There is pain and promise in leaving. The pain is the loss. The promise is that there is a stripping away, a disentangling, that happens which opens new doors and new possibilities. This combination of pain and promise, shedding and possibility, is perfectly articulated by the author of Hebrews.

Therefore, since we are surrounded by such a great cloud of witnesses, let us throw off everything that hinders and the sin that so easily entangles. And let us run with perseverance the race marked out for us, fixing our eyes on Jesus, the pioneer and perfecter of faith. For the joy set before him he endured the cross, scorning its shame, and sat down at the right hand of the throne of God. Consider him who endured such opposition from sinners, so that you will not grow weary and lose heart.

Hebrews 12:1-3

In the midst of leaving, it is easy for the person leaving and the person staying to grow weary and lose heart. Yet, if we can embrace the pain of leaving we might also be able to embrace the promise. In the leaving a disentanglement happens that allows us to run the race that was marked out for us. We have a race marked out for us that is unique to us, unique to our life. And so we keep our eyes on Jesus in the leaving, remembering that He endured the pain of leaving as He went to the cross. He endured this pain for the joy set before Him. The joy came from the promise on the other side of the pain. We must keep our eyes on Him so that we don’t grow weary and lose heart.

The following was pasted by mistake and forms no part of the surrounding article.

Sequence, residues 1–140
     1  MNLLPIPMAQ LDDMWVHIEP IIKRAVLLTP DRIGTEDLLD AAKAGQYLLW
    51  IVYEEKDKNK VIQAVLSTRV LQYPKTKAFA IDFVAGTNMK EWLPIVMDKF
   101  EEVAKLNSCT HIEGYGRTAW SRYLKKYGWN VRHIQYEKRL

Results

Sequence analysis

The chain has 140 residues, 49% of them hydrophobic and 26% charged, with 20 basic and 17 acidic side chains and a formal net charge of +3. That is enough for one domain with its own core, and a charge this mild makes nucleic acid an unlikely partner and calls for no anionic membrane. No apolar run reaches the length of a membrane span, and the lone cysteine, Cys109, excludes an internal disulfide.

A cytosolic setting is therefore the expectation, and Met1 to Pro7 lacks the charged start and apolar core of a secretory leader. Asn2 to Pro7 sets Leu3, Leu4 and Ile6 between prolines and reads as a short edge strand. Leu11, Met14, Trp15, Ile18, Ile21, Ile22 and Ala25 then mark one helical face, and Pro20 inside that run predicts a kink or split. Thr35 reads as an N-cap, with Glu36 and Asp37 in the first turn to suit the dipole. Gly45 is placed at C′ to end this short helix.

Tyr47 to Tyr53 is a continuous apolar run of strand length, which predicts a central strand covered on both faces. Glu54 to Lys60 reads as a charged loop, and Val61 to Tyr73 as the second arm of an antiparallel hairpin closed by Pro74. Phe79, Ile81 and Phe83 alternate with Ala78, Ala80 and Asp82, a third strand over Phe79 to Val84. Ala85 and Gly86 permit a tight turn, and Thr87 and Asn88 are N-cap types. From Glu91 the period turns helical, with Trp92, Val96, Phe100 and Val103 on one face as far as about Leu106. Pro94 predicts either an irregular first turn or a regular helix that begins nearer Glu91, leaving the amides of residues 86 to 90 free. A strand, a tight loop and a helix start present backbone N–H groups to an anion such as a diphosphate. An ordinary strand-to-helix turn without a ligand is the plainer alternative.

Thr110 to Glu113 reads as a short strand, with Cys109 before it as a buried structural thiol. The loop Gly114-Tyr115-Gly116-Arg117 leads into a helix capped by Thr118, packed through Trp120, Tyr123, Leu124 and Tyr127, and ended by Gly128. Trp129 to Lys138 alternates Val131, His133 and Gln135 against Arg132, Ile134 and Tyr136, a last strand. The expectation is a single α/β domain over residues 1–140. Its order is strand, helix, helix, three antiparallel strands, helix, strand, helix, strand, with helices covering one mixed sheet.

Leaving is painful. Leaving is full of promise. It’s both.

Leaving is loss. Leaving is a shedding that opens new possibilities. It’s both.

Let us grieve the pain of leaving, and, somehow, through the tears, open our eyes to the future we couldn’t see before.

More in Death than in Life

Samson said to the servant who held his hand, “Put me where I can feel the pillars that support the temple, so that I may lean against them.” Now the temple was crowded with men and women; all the rulers of the Philistines were there, and on the roof were about three thousand men and women watching Samson perform. Then Samson prayed to the Lord,“Sovereign Lord, remember me. Please, God, strengthen me just once more, and let me with one blow get revenge on the Philistines for my two eyes.” Then Samson reached toward the two central pillars on which the temple stood. Bracing himself against them, his right hand on the one and his left hand on the other, Samson said, “Let me die with the Philistines!” Then he pushed with all his might, and down came the temple on the rulers and all the people in it. Thus he killed many more when he died than while he lived.